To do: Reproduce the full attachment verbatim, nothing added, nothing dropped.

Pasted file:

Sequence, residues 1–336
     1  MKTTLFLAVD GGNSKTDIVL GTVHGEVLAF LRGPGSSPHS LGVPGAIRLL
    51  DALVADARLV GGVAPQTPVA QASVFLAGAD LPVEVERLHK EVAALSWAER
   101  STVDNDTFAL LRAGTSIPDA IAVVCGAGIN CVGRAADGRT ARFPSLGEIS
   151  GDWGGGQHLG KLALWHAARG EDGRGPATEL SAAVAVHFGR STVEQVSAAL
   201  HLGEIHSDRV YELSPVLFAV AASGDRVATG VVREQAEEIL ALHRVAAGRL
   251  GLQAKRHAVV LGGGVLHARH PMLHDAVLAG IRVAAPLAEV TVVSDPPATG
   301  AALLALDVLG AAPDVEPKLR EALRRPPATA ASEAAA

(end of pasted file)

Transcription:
Sequence, residues 1–336
     1  MKTTLFLAVD GGNSKTDIVL GTVHGEVLAF LRGPGSSPHS LGVPGAIRLL
    51  DALVADARLV GGVAPQTPVA QASVFLAGAD LPVEVERLHK EVAALSWAER
   101  STVDNDTFAL LRAGTSIPDA IAVVCGAGIN CVGRAADGRT ARFPSLGEIS
   151  GDWGGGQHLG KLALWHAARG EDGRGPATEL SAAVAVHFGR STVEQVSAAL
   201  HLGEIHSDRV YELSPVLFAV AASGDRVATG VVREQAEEIL ALHRVAAGRL
   251  GLQAKRHAVV LGGGVLHARH PMLHDAVLAG IRVAAPLAEV TVVSDPPATG
   301  AALLALDVLG AAPDVEPKLR EALRRPPATA ASEAAA